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Meet the chefs: comparing Joe Beef and Odd Bits

In the December 2011 issue of Q&Q, Sue Carter Flinn examines two cookbooks offering distinctive approaches to preparing contemporary carnivore-centric cuisine.

The Art of Living According to Joe Beef: A Cookbook of Sorts
by Frédéric Morin, David McMillan, and Meredith Erickson (Ten Speed Press)

Author’s background: Co-owners of three trendy Montreal restaurants, McKiernan Luncheonette, Liverpool House, and Joe Beef, known for their irreverent adaptations of French market cuisine
Celebrity chef endorsement: Foreword by Momofuku chef David Chang, who calls Joe Beef his favourite restaurant in the world
Decadent details: Foie gras makes unlikely appearances in a breakfast sandwich (right) and an Éclair Velveeta
Snout-to-tail talk: Subscribes to the whole-animal philosophy, but embraces traditional cuts. Refers to the popular tenderloin cut as postmodern offal
Special features: Chapters dedicated to Montreal history, building a smoker, and recipes inspired by or meant for train travel, such as Dining Car Calf Liver, a modern take on an old Canadian National Railway menu item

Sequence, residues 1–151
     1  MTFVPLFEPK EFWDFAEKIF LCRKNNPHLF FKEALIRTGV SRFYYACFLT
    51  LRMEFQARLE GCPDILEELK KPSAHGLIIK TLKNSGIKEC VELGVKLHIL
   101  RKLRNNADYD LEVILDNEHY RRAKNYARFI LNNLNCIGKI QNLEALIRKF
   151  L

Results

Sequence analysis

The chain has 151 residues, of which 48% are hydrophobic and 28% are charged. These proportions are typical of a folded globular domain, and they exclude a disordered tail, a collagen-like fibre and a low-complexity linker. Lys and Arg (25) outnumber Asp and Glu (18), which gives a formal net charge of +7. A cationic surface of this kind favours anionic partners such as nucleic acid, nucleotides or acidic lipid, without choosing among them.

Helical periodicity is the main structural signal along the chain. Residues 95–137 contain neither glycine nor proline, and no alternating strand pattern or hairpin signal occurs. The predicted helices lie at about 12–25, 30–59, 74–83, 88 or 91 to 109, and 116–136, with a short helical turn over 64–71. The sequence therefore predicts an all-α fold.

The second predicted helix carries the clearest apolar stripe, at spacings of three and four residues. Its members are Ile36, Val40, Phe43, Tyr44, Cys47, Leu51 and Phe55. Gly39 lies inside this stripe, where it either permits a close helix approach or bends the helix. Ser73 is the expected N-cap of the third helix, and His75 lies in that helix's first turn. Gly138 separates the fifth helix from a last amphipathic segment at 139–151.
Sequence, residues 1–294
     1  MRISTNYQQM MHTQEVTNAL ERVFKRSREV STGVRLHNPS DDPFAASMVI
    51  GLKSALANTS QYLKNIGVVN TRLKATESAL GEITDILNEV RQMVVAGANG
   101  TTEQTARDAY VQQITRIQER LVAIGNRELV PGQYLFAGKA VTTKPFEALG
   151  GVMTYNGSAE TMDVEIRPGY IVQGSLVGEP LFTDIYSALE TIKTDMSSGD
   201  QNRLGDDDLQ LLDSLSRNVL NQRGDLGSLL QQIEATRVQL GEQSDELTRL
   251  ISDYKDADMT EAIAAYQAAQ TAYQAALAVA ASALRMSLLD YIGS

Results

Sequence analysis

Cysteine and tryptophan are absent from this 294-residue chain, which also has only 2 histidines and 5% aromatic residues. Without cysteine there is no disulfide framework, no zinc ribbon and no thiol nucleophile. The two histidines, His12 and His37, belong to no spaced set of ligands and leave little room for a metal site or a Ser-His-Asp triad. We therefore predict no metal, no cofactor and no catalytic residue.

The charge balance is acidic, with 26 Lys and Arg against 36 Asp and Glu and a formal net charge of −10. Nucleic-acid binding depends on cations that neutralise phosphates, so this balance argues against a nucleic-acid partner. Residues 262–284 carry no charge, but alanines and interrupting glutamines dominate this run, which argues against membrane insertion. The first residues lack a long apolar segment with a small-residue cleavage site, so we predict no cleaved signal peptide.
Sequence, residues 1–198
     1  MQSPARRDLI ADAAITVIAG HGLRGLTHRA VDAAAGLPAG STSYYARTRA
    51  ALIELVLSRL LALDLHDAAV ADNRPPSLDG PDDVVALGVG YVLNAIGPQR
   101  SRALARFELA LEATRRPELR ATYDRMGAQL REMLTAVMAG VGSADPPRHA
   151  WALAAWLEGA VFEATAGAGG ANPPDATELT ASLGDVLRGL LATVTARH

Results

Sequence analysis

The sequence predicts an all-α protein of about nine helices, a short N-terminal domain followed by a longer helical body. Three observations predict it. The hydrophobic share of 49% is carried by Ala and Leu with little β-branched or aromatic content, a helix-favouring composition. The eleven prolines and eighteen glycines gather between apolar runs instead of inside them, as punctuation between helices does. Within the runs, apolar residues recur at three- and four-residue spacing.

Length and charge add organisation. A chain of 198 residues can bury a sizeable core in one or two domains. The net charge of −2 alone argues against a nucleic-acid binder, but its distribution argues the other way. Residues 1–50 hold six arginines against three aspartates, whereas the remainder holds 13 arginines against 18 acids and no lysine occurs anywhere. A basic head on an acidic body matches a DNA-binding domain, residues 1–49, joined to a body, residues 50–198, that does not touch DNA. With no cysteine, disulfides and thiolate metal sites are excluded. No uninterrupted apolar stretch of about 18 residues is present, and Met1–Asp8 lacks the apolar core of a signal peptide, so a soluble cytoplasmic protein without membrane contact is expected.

Meaty libations and desserts: Sausage Martini, made with vodka, white vermouth, Tabasco sauce, and a dash of canned Vienna sausage juice, garnished with a sausage
Vegetarian’s biggest nightmare: Filet de cheval à cheval: The French do two things that Anglophones find disgusting: eat frogs and eat horse

Odd Bits: How to Cook the Rest of the Animal
by Jennifer McLagan (HarperCollins Canada)

Author’s background: Australian-born chef and food writer who, before moving to Toronto, cut her teeth in U.K. kitchens working for restauranteur/author Prue Leith and a U.S. ambassador
Celebrity chef endorsement: McLagan’s other books, Bones and Fat, won James Beard Foundation awards for best single-subject cookbook
Decadent details: Roast Suckling Pig, prepared in duck fat
Snout-to-tail talk: I’ll admit that not all odd bits are delectable, and some are more about texture than taste, but that doesn’t mean any of them should be thrown away
Special features: Detailed descriptions of each part of the animal, from brains to udders to tails. Recipes such as Headcheese for the Unconvinced offer newcomers an entry into snout-to-tail cooking
Meaty libations and desserts: Chocolate Blood Ice Cream, created with cocoa, ginger, orange, sugar, milk, and a half-cup of pork blood
Vegetarian’s biggest nightmare: Crispy Testicle appetizers: if cooked properly these odd bits are tasty, tender,  and, surprisingly, very mild in flavour